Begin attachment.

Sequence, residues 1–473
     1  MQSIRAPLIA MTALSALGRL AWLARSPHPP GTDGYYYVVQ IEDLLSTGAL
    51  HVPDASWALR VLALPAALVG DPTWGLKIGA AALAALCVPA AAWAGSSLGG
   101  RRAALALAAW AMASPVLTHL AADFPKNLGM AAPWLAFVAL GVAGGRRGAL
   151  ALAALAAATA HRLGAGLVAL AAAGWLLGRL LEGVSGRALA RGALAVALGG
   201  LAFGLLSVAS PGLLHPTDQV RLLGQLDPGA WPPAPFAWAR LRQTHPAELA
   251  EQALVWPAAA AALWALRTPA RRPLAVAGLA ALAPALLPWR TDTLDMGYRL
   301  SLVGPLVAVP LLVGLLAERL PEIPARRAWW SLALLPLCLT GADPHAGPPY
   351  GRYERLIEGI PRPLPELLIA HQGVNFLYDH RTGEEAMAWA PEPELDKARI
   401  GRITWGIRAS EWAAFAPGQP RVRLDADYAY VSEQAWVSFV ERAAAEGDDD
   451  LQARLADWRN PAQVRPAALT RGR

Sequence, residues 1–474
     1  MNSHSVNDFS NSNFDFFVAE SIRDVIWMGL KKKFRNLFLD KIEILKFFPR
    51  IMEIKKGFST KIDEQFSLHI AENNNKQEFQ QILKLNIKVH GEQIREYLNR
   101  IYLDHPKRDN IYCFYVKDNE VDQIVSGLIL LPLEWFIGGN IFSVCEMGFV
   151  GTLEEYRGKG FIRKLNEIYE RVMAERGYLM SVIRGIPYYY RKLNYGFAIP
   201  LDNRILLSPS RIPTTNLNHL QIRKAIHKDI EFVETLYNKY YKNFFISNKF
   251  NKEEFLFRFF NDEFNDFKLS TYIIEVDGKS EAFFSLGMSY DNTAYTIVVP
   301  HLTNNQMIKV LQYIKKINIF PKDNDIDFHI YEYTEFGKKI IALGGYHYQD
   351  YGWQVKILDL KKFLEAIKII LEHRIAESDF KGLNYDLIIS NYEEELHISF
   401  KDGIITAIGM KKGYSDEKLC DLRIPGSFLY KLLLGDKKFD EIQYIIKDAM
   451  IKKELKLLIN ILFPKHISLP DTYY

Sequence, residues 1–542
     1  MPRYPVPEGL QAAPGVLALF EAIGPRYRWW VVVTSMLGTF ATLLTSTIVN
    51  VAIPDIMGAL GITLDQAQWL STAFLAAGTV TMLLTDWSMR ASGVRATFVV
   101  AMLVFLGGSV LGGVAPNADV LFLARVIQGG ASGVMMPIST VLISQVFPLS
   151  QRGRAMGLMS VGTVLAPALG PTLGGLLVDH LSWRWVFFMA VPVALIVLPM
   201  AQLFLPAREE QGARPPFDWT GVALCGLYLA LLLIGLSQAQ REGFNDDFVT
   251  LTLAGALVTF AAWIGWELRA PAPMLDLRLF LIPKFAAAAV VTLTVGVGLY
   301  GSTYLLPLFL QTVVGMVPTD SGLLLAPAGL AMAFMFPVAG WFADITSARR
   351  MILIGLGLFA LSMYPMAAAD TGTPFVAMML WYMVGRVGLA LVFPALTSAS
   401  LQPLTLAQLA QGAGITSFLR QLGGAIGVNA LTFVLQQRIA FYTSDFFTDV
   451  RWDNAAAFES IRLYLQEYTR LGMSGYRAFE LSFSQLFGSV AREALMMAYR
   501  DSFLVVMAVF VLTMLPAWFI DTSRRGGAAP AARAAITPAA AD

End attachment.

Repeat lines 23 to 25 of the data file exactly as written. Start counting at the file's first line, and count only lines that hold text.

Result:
Sequence, residues 1–542
     1  MPRYPVPEGL QAAPGVLALF EAIGPRYRWW VVVTSMLGTF ATLLTSTIVN
    51  VAIPDIMGAL GITLDQAQWL STAFLAAGTV TMLLTDWSMR ASGVRATFVV